Book Review: William J. Stuntz, The Collapse of American Criminal Justice
Andrea L. Roth
UC Berkeley School of Law
November 1, 2012
Journal of Legal Education, Vol. 62, p. 377, 2012
UC Berkeley Public Law Research Paper No. 2239799
One of the better ways to celebrate next year’s fiftieth anniversary of Gideon v. Wainwright, in which the Supreme Court held that poor defendants accused of felonies in state court are constitutionally entitled to appointed counsel, would be to force every lawmaker, judge, prosecutor, and defense attorney in the United States to read the last major work of a man who believed the legacy of Gideon is not an unequivocally positive one. In The Collapse of American Criminal Justice, the late Bill Stuntz argues that the cure for the pathologies of the criminal justice system lies in restoring local democratic control over crime policy, better funding public defenders, and buttressing equal protection doctrine, rather than in the continued focus on the “vast network of procedural rules the Supreme Court has crafted since the early 1960s." Stuntz argues that the fetishization of so many formalistic procedures that, in his view, at best indirectly ensure fairness of trial and sentencing outcomes has rendered trials too expensive, which in turn has driven prosecutors and lawmakers to seek ways to avoid trial and force pleas through draconian sentencing schemes, a skewed focus on easily detected urban drug crimes mostly committed by racial minorities, and ever-expanding substantive criminal law. The result of this assembly-line justice, Stuntz argues, is both excessive punitiveness in the form of racially disparate mass incarceration and excessive leniency in the form of underprosecuted violent crime in poor communities.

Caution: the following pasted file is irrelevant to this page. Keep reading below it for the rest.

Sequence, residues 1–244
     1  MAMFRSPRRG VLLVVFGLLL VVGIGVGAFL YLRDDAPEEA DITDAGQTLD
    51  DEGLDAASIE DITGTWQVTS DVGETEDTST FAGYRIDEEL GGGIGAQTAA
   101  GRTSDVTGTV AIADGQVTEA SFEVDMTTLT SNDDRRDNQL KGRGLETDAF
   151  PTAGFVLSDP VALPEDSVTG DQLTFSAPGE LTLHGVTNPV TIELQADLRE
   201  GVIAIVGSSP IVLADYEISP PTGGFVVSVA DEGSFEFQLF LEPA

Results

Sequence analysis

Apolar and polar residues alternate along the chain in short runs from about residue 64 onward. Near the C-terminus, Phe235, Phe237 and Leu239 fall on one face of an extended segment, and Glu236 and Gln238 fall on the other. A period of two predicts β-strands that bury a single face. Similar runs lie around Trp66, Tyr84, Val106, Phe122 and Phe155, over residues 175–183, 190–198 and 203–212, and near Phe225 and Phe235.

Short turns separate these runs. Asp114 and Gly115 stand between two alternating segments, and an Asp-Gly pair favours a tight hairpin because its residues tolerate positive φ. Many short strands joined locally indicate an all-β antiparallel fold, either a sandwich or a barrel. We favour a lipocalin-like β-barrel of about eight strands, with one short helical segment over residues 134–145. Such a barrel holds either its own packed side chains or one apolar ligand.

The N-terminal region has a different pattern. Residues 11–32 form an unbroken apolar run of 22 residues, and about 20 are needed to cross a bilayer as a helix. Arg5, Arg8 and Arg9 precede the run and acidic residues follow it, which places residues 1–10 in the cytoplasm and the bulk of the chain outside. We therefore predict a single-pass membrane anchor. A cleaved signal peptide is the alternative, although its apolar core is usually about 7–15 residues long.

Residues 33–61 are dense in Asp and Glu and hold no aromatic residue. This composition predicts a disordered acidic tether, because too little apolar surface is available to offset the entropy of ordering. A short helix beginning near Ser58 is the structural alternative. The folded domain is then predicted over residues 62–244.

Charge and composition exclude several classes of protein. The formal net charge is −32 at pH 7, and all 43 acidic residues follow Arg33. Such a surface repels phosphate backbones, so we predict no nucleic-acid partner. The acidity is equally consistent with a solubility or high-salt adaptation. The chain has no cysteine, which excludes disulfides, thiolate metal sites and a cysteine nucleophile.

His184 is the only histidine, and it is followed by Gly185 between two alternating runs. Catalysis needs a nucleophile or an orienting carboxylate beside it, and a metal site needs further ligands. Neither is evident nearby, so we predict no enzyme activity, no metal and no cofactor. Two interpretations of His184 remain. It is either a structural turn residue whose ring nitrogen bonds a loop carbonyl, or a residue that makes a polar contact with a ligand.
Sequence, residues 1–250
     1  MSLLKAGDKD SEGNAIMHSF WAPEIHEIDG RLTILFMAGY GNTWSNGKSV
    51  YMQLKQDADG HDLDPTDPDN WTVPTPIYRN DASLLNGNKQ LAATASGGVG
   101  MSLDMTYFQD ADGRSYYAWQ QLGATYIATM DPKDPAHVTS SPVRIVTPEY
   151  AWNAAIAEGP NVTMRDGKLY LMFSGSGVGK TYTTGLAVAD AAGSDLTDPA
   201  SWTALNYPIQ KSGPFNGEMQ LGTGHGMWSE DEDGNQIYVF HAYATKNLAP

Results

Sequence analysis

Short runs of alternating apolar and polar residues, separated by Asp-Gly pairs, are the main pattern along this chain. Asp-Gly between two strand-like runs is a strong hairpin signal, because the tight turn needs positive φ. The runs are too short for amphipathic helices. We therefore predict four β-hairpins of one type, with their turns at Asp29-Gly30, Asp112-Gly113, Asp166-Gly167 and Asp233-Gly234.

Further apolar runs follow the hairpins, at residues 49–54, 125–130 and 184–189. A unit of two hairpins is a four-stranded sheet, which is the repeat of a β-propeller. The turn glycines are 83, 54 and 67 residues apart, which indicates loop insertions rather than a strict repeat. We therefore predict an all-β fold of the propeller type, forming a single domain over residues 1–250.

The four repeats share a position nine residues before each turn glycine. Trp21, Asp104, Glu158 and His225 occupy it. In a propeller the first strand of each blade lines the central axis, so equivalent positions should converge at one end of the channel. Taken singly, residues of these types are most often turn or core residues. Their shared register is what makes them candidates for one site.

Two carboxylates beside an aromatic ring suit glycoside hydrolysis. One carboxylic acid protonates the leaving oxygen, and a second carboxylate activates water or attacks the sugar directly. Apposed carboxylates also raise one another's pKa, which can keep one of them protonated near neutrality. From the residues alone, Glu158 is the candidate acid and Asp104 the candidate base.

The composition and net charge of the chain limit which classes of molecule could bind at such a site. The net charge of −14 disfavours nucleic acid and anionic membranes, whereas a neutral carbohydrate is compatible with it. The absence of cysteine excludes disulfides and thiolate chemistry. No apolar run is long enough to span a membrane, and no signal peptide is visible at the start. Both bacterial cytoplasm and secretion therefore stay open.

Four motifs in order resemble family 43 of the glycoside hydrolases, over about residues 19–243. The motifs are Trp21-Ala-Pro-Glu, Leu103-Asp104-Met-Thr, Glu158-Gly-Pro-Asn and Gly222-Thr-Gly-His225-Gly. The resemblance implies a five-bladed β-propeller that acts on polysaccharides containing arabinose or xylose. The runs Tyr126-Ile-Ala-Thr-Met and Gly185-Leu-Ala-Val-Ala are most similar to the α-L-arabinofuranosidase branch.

Number of Pages in PDF File: 11Accepted Paper Series
Date posted: March 27, 2013
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